Friday, July 27, 2012


I'm not sure about you, but I'm one of those people who doesn't ask for help very well. In fact, it's kind of pathological. I would give away my last dollar to someone who needed it, I would drive to the ends of the Earth for a friend (or even a stranger), but I just am not good at asking even very close friends or family for help--even when I most need it. Even when it's offered, I'm not very good at accepting help. Although in theory I believe we all live in a community and we do best supporting and relying on each other, deep down it's as if I think I'm the exception; that I'm somehow supposed to be totally self-reliant and to lean even a little on someone else means that I'm deficient.

This may be why I find moving to be so stressful--it, by definition, cannot be done alone. Think about it: how many pieces of furniture are in your home that cannot be carried by only one person? Nevertheless, for most of the moves in my life, and there have been far too many, I have moved myself without asking for or accepting any help. About a month ago, when some of my sewing friends heard that Karen and I were moving, they offered their help and the use of their trucks. I was so moved that they would offer their help. Of course I wasn't going to follow up and ask them for their help (!), but their very offer was so moving to me-- that people I hadn't known for very long would volunteer their time, truck, and muscles on such an onerous task! I tucked their gift of an offer away in that place in your heart where you store such things, and then I returned home where I continued packing.

A few weeks passed, and I discovered, much to my dismay, that the house I was moving into was left in terribly dirty shape. Although the landlord was quickly responsive, it delayed our move by several days and added a great deal of stress to our already stressful move. We were juggling the cleaning of the new place, the moving of all our stuff (and there is an awful lot!!) from one place to a mile away to the new place, and preparing to clean out our new place (because unlike the tenants who left our new place in squalid shape, we felt obligated to leave our place in an even better state than we had found it).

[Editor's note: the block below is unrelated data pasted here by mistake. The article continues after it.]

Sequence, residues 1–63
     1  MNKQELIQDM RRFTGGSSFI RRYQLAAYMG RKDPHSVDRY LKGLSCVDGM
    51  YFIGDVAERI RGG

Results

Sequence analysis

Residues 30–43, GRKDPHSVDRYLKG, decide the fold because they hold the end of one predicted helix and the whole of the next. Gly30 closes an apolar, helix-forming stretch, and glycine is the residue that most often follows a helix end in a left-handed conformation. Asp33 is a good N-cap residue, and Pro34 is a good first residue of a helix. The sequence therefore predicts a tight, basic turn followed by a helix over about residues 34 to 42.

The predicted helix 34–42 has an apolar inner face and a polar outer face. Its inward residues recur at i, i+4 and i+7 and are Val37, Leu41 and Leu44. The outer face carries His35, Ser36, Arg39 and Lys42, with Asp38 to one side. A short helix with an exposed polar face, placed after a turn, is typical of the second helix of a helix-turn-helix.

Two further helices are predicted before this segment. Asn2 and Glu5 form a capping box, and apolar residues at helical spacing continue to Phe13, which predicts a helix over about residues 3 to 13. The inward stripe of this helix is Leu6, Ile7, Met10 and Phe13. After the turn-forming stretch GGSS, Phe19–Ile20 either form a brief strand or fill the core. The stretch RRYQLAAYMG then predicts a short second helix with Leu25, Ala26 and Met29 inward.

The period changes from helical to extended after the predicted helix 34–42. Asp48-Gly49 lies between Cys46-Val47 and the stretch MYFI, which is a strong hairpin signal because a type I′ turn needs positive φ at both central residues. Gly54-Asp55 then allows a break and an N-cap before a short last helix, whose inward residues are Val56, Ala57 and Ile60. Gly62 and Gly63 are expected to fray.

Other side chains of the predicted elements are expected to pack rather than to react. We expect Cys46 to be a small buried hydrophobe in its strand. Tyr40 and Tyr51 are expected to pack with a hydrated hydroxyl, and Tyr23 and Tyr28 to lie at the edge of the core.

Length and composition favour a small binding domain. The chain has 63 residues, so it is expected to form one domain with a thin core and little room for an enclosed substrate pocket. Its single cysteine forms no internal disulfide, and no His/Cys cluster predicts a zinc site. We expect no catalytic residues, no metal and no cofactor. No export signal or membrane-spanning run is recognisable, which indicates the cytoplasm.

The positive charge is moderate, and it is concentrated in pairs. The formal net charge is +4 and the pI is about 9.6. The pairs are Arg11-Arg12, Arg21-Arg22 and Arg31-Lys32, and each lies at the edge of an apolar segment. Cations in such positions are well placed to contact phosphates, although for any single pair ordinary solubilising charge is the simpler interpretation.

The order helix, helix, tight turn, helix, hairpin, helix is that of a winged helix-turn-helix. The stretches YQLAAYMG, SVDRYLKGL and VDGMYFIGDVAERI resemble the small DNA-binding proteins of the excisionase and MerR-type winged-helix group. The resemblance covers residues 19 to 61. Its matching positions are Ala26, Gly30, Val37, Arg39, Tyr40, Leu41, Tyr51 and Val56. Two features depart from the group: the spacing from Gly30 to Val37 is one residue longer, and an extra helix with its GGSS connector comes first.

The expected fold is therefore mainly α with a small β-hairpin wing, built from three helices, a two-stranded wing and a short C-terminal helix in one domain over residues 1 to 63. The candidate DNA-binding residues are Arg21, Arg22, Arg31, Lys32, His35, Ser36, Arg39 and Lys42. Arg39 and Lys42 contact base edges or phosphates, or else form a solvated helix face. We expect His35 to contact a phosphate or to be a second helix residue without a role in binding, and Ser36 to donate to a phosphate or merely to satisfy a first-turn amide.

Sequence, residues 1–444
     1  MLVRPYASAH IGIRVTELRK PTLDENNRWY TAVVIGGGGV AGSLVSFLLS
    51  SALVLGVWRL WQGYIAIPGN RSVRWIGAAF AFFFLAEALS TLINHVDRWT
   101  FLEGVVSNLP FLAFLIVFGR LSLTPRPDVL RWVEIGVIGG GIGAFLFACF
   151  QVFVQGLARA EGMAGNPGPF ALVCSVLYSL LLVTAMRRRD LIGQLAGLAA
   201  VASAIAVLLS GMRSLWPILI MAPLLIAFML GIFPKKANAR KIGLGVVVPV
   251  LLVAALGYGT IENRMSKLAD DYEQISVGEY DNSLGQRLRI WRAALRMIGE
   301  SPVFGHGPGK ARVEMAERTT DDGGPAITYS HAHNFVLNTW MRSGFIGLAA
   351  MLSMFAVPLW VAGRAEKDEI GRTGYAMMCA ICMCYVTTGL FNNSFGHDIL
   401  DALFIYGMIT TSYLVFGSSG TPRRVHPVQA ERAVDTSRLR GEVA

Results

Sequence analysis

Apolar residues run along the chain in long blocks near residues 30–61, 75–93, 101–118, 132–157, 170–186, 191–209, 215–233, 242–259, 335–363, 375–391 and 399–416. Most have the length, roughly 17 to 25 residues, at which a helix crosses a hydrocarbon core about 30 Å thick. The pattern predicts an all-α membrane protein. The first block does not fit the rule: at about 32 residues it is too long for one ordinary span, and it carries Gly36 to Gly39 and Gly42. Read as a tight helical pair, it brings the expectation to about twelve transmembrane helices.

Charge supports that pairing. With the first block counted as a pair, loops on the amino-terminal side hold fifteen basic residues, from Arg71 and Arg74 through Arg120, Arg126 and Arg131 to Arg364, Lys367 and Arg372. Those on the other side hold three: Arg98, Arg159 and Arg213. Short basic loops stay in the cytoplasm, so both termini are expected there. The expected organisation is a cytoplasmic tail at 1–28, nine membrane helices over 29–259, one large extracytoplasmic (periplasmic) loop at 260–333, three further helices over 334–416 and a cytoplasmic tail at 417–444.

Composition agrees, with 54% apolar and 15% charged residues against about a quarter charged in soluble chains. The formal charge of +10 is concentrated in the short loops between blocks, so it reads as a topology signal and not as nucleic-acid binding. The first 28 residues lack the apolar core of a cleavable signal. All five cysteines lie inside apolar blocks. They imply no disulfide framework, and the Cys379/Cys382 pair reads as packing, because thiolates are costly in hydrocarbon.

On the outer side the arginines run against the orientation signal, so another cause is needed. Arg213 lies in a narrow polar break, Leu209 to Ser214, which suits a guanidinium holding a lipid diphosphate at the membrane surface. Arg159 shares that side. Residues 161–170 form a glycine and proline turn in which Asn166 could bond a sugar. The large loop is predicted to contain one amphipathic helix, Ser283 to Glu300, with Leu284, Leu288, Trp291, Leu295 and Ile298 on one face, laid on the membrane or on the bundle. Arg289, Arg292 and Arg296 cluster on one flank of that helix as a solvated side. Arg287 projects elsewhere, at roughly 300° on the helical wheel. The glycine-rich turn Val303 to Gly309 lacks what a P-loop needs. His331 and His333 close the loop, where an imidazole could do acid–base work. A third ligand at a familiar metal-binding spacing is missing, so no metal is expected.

Around that time, I received a text from my sewing buddy April, asking me if I was going to be at our upcoming sew day. I responded that given the move and the cleaning, I was going to have to give it a miss. She wrote back that they should turn the sew day into a "clean Shortcookie's house day" instead. I jokingly wrote back that I loved the idea, but was horrified at the thought of other people having to clean up dog fur and dust and such. I went back to my cleaning and packing and didn't give the text another thought . . .  until later in the day when I saw a message on my phone, telling me that indeed, sew day had been cancelled and that the very next day I was going to have four sewing friends showing up on our doorstep with rags in hand to clean out our old place.

Karen and I both teared up--what an amazing gift!! First thing Friday morning, April, Ella, Jenny, and Sue (and Miss Olivia, Ella's sweet little miss) arrived with red bandanas on their hair (with one waiting for me!) raring and ready to work. They tore through the house, vacuuming, cleaning baseboards, bathrooms, dusting, leaving the house completely spotless and smelling wonderfully fresh!

They couldn't stay for long (because they had all had to arrange for childcare in order to make the 1-2 hour drive as well as the several hours of cleaning), but we brought them over to see the new house and treated them to lunch on the porch as the very smallest of thank you's for the most special of gifts.

I learned a powerful lesson that day: I have spent a large part of my life trying not to impose on people, trying not ask too much, and trying to be self-reliant and independent. As a result, I think I have shut some people out by not letting them in when they offered to help in the past. Part of friendship is not just the generosity of giving, but also the warmth and openness of accepting others' generosity. I am so touched and so grateful for the amazing gift that Sue, Jenny, Ella, and April gave us -- not only in giving up time that they could have spent with their families or cleaning their own homes, not only in scrubbing our home clean, but in teaching me an invaluable lesson about opening up my heart and accepting help.

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